At the conclusion of the Service, parishioners and all in attendance participated in the Procession of the Icons. After the procession, all together read the Synodicon and Creed.
In the evening of that same day, Orthodox Christians from all jurisdictions of the Greater Akron area gathered at the Holy Archangel Michael Serbian Orthodox Church for Pan-Orthodox Lenten Vespers, hosted by the Orthodox Clergy Brotherhood of Greater Akron. Presiding over Sunday Vespers, again at the invitation of Bishop Irinej, was His Grace Bishop Paul of Chicago (OCA), in the presence of Archbishop Alexander and Bishop Irinej. More than 20 priests and 6 deacons from various jurisdictions with their parishioners came to celebrate the "Triumph of Orthodoxy" – commemorating the victory over Iconoclasm and the restoration of the veneration of icons. With clergy and faithful from Canton and Cleveland also present, the community realized our Orthodox unity in prayer in a record gathering and, for the first time, in
the presence of three hierarchs.
At the invitation of the Orthodox Clergy Brotherhood of Greater Akron, as the host hierarch, His Grace Bishop Irinej was also invited to be the guest homilist. At the conclusion of the service, His Grace delivered a remarkable homily reflecting on the divisive societal icon of pluralism in light of the icon of Christ, “The Land of the Living” (Η χώρα των ζώντων). The Bishop noted that Christ alone is the unifying icon of pan-humanity. He likened this unto the last book, which the Holy Bishop Nicholai Velimirovich authored, Свечовек, in which he describes coming into unity with Christ the All-Man. He, who is the Existing One, as offered in the anaphora, “on behalf of all, and for all”. His emotionally stirring delivery left everyone fulfilled. The evening culminated in a social gathering in the Parish hall. The parish sisterhood prepared a Lenten luncheon. This provided an opportunity for the faithful to enjoy beautiful fellowship with one another and to acquaint themselves with Archbishop Alexander, Bishop Paul, and Bishop Irinej, as well as other clergy.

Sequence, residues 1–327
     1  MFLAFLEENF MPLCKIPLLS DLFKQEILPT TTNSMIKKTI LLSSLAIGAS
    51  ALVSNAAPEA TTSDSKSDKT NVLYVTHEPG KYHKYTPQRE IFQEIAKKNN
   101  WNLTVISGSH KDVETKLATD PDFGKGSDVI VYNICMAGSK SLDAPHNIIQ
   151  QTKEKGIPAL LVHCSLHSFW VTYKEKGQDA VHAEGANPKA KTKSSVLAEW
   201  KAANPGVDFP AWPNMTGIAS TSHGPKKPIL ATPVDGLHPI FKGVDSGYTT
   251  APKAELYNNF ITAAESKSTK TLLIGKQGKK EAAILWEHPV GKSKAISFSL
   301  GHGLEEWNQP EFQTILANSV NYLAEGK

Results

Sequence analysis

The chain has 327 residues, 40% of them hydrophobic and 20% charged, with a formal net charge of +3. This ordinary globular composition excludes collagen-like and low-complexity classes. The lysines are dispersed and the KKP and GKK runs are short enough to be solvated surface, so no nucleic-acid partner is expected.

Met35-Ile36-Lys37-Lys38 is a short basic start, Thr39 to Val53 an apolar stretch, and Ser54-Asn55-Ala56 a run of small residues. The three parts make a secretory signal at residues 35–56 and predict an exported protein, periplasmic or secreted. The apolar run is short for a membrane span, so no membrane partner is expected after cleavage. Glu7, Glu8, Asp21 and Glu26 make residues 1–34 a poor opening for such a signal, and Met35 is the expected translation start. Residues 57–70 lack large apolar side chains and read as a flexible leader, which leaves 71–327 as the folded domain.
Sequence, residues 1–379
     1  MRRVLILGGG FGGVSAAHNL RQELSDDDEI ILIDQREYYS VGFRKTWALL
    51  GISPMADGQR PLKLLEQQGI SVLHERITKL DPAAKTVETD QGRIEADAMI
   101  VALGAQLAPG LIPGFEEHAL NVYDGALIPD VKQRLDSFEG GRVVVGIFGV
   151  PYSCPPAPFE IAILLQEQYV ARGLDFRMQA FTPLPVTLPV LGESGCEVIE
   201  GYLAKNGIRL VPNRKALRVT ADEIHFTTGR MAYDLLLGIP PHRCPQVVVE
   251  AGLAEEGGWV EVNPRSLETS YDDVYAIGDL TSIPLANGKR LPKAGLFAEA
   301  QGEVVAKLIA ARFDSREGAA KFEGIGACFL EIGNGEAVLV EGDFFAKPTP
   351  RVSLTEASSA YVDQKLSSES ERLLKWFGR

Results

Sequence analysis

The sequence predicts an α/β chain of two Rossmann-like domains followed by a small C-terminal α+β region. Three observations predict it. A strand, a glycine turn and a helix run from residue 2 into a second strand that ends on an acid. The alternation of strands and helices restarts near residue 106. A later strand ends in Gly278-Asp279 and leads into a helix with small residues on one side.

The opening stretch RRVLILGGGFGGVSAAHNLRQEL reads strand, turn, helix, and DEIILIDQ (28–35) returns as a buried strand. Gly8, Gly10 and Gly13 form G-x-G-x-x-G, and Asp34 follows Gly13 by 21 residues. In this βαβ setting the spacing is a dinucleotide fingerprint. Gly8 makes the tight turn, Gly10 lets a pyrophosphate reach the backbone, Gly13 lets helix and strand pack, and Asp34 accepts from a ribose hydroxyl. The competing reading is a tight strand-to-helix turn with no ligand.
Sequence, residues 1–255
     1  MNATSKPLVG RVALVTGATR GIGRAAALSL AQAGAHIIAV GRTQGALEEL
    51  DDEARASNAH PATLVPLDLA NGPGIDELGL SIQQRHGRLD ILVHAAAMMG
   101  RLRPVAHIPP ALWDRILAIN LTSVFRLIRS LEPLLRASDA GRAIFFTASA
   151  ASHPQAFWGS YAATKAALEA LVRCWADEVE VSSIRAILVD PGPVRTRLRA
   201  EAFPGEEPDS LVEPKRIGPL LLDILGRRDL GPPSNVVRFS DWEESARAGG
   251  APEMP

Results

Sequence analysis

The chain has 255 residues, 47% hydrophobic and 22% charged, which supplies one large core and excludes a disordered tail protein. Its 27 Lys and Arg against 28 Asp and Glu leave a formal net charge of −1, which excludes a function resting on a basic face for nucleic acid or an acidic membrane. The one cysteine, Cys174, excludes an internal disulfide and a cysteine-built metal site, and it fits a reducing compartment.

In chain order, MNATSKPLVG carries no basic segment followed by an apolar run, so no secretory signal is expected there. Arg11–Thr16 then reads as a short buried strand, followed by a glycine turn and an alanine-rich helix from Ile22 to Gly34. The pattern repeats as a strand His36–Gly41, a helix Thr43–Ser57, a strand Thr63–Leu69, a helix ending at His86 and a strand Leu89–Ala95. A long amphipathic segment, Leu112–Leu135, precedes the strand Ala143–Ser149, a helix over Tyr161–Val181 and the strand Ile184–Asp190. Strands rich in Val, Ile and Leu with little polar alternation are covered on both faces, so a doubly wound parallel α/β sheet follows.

During the dinner, a special guest of the Eastern American Diocese, Sister Philothea from the Holy Ascension Monastery on the Mount of Olives in Jerusalem, gave a short presentation about her monastery, daily struggles and attempts to rebuild the destroyed monastery church. His Grace Bishop Irinej translated the presentation. Sister Philothea said that every single person in the Parish hall tonight has a unique opportunity to build themselves into the new Ascension Monastery Church in the Holy City of Jerusalem. This is great and unusual event and every individual contribution to this cause, no matter how small or great, helps immensely. The faithful responded to the call of Sister Philothea and have shown their usual generosity by giving a significant donations to the Holy Ascension Monastery, making this day and evening truly a feast and celebration of the Christian virtue and love.
Protodeacon Milos Zdralic